Health care organisations wanting to adopt artificial intelligence (AI) tools often lack good information about which ones are safe and effective. We talked to Haider Husain, chief operating officer of Healthinnova, about how a new BSI standard is addressing the problem
"We don’t want to stifle innovation – we want to nurture innovation.” Haider Husain, chair, BSI panel on developing a standard for the use of AI in health care
One of the most exciting developments in health care tech in the past five years has been the increasing use of artificial intelligence (AI) in a wide range of applications – from tools that can rapidly and accurately detect certain diseases in radiography scans to therapeutic chatbots designed to help people with low-level mental health problems.
AI’s huge potential is making it increasingly attractive to health care providers. With a vast range of products to choose from, however, it can be hard for purchasers to assess the quality and safety of any individual piece of AI software.
It was this lack of quality control that inspired Haider Husain to propose that the British Standards Institute (BSI) create a standard on AI in health care. Five years ago, Haider, whose career in IT has included stints at Microsoft and GE Healthcare, started a company called Healthinnova, which offers consultation on adoption and implementation of digital health technologies.
Haider sits on a BSI panel called Healthcare organisation management, and his suggestion for the new standard was eagerly accepted. He was invited to chair the new panel, which has nearly 30 members, and is made up of representatives from the technology industry, the NHS, academia and the fourth sector, including FCC’s head of policy and research, Dr Peter Bloomfield. Care was taken, says Husain, to make the panel “as gender-balanced and as diverse as possible.”
For two years, members met regularly to develop the standard, Validation framework for the use of AI in healthcare, and in early October, a draft was issued for consultation. To ensure input from a wide range of people, four months before the draft was published, the panel carried out a mini-consultation with stakeholders such as academics and suppliers, and they also asked a panel of patients what they would like to see from the standard.
Its aim is to act as a kitemark of quality, so that when purchasers decide to invest in AI software, they can require potential suppliers to conform to the standard. Any supplier who wanted BSI accreditation would have to answer questions about their product from an independent auditor. “It is a bit of a wild west at the moment,” says Husain. “We don’t want to stifle innovation – we want to nurture innovation.”
The standard covers all aspects of creating a piece of AI software: inception, development, validation, deployment and monitoring, as well as human factors and ergonomics. Under the inception heading, for example, the supplier must show that there is a health care need for the tool, while under validation, suppliers are expected to show that the clinical effectiveness of the tool is supported by research evidence.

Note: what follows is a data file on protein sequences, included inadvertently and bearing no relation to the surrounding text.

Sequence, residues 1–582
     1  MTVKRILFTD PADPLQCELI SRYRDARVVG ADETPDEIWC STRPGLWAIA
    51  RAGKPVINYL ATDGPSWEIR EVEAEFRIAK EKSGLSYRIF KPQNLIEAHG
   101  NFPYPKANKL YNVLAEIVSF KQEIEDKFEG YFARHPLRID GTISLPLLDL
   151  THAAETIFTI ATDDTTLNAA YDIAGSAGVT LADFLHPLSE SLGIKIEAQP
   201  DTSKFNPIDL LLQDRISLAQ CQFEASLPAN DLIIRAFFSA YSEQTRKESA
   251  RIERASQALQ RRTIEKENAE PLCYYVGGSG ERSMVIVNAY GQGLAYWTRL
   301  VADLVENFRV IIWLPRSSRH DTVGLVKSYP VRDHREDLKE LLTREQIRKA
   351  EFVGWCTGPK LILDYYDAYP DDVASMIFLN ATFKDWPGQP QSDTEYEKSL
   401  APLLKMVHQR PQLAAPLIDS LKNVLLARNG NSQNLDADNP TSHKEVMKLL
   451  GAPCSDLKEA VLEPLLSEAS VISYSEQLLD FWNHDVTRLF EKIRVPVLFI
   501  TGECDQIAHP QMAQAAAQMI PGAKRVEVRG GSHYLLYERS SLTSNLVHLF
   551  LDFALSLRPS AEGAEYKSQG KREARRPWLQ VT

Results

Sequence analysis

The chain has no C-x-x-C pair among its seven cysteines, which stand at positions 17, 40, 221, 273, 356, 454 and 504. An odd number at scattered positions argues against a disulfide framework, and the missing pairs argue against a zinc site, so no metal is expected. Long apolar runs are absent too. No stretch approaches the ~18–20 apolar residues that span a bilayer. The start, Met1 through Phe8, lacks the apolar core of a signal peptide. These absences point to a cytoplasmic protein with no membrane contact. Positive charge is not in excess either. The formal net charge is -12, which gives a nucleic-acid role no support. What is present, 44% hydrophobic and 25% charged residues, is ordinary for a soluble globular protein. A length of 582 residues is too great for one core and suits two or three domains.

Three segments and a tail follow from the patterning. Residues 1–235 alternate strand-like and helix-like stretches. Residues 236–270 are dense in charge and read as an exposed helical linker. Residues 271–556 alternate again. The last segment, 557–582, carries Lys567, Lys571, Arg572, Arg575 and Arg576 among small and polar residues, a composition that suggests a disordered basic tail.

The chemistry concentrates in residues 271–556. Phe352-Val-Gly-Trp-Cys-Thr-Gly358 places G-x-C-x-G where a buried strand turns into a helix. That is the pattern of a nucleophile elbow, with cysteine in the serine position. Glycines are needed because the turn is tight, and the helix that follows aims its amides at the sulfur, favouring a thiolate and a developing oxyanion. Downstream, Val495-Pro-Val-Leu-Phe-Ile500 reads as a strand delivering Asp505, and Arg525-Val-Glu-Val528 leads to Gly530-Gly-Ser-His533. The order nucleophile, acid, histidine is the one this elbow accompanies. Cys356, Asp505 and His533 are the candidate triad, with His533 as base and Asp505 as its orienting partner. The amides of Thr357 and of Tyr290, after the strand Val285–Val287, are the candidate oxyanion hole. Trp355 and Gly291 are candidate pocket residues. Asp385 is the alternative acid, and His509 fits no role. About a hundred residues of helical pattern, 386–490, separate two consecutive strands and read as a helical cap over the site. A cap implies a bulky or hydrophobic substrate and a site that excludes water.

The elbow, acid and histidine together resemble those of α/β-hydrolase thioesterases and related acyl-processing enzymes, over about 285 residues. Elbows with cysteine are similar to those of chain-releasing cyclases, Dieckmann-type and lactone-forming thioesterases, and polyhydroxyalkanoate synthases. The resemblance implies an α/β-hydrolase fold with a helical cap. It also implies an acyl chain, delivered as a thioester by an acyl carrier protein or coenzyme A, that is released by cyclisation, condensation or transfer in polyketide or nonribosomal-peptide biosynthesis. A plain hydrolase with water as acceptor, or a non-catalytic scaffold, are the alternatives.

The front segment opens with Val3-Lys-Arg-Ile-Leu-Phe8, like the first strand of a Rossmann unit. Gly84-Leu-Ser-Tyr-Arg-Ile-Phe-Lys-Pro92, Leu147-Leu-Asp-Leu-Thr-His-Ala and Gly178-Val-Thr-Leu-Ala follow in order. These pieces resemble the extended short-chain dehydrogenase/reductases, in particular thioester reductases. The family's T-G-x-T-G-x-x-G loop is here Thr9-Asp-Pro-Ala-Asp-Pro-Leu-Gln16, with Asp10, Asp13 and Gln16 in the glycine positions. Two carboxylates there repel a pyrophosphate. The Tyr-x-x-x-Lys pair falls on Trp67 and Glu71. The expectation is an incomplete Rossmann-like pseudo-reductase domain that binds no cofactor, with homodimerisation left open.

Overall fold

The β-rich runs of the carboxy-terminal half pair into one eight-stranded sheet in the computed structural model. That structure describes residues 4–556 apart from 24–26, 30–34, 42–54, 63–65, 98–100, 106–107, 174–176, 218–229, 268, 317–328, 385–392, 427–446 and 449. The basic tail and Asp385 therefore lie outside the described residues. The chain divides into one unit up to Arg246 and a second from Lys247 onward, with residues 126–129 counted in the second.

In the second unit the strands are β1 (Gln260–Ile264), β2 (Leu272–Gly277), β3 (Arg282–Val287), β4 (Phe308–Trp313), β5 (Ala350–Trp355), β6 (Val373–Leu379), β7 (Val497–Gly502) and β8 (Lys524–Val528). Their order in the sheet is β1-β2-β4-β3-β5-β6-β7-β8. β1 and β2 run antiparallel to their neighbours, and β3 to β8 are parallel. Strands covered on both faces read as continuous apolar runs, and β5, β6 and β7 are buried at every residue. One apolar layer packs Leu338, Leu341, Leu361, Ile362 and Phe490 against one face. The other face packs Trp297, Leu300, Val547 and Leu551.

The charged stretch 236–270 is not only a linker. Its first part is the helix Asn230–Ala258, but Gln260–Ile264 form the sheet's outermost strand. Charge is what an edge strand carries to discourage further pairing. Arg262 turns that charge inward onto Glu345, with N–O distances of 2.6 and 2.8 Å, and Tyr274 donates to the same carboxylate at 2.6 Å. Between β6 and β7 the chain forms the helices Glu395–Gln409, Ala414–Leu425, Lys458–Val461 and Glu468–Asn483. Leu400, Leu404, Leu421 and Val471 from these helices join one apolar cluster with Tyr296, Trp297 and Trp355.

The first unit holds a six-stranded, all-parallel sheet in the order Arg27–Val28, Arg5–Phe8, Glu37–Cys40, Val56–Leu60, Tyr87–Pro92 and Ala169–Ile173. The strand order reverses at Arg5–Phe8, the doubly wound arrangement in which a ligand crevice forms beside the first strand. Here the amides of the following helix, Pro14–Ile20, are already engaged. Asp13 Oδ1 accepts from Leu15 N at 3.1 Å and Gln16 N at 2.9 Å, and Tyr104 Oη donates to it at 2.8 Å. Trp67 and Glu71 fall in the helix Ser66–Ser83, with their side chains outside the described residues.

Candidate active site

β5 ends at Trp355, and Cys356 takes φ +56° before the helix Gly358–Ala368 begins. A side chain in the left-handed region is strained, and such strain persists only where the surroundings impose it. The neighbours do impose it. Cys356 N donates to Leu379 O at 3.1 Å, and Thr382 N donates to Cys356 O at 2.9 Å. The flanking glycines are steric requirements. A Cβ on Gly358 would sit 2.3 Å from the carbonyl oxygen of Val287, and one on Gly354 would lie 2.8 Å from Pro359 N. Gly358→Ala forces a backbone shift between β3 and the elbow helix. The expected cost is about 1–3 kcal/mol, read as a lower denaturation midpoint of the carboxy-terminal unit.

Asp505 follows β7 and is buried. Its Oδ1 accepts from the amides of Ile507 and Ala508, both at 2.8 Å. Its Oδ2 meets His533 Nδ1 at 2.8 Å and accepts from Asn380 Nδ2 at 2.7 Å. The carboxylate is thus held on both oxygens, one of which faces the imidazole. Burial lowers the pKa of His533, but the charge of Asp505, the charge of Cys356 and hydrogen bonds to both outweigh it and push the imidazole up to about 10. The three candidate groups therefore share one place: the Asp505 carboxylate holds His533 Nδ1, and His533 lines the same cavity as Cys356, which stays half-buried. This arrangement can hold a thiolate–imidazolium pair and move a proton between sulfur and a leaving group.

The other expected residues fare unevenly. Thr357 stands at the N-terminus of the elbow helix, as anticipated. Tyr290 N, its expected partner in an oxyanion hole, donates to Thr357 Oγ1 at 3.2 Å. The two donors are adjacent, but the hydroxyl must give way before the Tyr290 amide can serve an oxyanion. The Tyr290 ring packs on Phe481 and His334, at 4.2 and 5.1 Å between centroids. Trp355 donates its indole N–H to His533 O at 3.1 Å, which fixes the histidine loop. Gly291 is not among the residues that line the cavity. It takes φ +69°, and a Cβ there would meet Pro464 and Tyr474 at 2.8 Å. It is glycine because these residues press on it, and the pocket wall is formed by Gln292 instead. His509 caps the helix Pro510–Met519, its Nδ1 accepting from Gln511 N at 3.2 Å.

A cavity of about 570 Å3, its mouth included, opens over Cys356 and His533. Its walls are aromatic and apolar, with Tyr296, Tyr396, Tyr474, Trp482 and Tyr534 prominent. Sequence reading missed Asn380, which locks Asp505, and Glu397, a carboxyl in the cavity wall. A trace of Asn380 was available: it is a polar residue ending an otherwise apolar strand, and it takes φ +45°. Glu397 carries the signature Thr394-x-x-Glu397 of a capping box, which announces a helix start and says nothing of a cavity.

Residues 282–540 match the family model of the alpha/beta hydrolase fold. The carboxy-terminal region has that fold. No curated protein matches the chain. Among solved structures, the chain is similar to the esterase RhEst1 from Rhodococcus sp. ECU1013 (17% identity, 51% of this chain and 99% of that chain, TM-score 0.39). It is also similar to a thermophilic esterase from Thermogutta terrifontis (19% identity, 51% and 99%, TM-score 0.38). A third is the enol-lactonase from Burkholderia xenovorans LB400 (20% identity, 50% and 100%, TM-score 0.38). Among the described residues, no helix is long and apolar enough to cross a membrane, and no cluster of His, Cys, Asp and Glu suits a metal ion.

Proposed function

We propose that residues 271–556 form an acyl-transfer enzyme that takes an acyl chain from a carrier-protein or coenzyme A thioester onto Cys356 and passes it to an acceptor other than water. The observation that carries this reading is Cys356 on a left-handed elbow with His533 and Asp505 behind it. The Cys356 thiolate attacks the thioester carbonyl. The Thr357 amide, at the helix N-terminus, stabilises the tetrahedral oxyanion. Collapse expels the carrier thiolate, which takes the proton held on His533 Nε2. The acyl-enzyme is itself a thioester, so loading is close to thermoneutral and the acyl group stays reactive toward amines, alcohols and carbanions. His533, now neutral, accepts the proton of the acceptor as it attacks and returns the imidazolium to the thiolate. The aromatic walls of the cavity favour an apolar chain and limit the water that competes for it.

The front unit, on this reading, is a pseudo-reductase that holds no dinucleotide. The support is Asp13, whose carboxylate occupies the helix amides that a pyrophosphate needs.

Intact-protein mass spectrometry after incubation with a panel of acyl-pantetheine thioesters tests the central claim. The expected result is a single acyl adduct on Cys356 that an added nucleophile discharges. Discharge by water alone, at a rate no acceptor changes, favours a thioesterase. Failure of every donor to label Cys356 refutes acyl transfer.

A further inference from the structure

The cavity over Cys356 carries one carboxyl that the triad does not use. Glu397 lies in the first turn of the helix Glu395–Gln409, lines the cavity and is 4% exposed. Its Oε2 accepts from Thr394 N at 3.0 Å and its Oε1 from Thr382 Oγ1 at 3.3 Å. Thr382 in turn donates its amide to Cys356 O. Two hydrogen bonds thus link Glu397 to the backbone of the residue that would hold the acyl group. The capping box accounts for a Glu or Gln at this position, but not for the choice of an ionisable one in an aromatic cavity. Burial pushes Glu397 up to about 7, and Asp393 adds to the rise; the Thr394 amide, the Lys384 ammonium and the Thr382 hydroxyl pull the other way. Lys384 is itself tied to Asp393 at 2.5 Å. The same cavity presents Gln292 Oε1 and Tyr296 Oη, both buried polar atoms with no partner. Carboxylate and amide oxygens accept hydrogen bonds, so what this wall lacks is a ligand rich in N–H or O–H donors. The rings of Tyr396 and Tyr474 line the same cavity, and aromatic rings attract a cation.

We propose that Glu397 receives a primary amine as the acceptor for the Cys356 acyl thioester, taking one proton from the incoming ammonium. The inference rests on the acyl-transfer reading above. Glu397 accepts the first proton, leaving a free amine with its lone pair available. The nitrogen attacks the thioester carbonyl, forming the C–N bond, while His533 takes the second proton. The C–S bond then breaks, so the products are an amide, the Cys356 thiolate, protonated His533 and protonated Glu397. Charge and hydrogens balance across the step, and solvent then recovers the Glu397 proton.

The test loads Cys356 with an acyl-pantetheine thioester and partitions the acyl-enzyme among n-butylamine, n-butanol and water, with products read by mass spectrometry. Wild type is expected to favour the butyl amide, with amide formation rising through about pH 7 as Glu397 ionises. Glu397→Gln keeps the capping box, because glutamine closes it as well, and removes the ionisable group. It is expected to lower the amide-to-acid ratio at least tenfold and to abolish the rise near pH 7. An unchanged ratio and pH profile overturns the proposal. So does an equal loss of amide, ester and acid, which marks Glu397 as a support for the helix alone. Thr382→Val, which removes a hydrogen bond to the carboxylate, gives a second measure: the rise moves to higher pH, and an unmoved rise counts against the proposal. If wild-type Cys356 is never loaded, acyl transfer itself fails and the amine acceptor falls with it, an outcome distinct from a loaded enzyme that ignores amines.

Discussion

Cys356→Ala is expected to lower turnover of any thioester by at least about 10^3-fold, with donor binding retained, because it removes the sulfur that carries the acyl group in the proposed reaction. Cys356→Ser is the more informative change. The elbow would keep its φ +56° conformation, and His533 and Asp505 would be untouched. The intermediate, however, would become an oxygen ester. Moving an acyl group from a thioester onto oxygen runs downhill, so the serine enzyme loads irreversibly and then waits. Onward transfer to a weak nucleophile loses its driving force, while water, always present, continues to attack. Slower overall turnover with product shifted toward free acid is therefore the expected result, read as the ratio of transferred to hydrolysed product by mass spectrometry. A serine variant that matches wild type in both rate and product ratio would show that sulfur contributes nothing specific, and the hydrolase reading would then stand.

One element that was particularly important to include was a requirement to guard against bias. It’s recently become clear that some health care devices have an in-built, if unintentional, bias against certain groups: pulse oximeters, for example, have been found to work less well on black skin. AI software that has been developed using data based on homogeneous groups can inadvertently introduce bias against other groups. “You could show documentation that it’s clinically effective because you’ve tested it against 400 people, but they just so happen to be all white, so you need that extra bit of information: who did you test against? what was your process?” Husain says.
The standard also includes a requirement for suppliers to document the carbon impact of their product, something that was the subject of much discussion amongst panel members, but which Husain and other panel members, including Peter Bloomfield, FCC’s representative, felt was important.
Adoption of the standard by industry will rely on organisations buying AI products, such as NHS trusts and private providers, including it as a requirement in their procurement rules, Husain says. Initially, he expects that some AI suppliers might regard the new standard as another unnecessary hurdle to climb, but he thinks in time companies will see the benefits and it will be widely adopted: “Once it’s embedded, it will help suppliers put the evidence in a structure that then is repeatable. Once you’ve collated that evidence, if you’re doing it as you’re building it, then you don’t have to do it again.”
The draft standard is currently out for consultation. Next stages are to carry out comment resolution in December and January and then publish a final draft in February 2023. If you’d like to comment on the draft, you can read it here. The closing date for comments is 5 December.
FCC is pleased to have been involved in the production of this new standard on AI in health care. AI technology is set to have a transformative impact on health care, but without a means of measuring the effectiveness, safety and rigour of a particular product, there is a real risk that health care providers will adopt technologies that are at best ineffective or at worst harmful to patients. The standard is designed be achievable for maturing companies and enable quality without stifling innovation. We encourage people to comment on the draft standard, and hope that it will be widely adopted across the industry.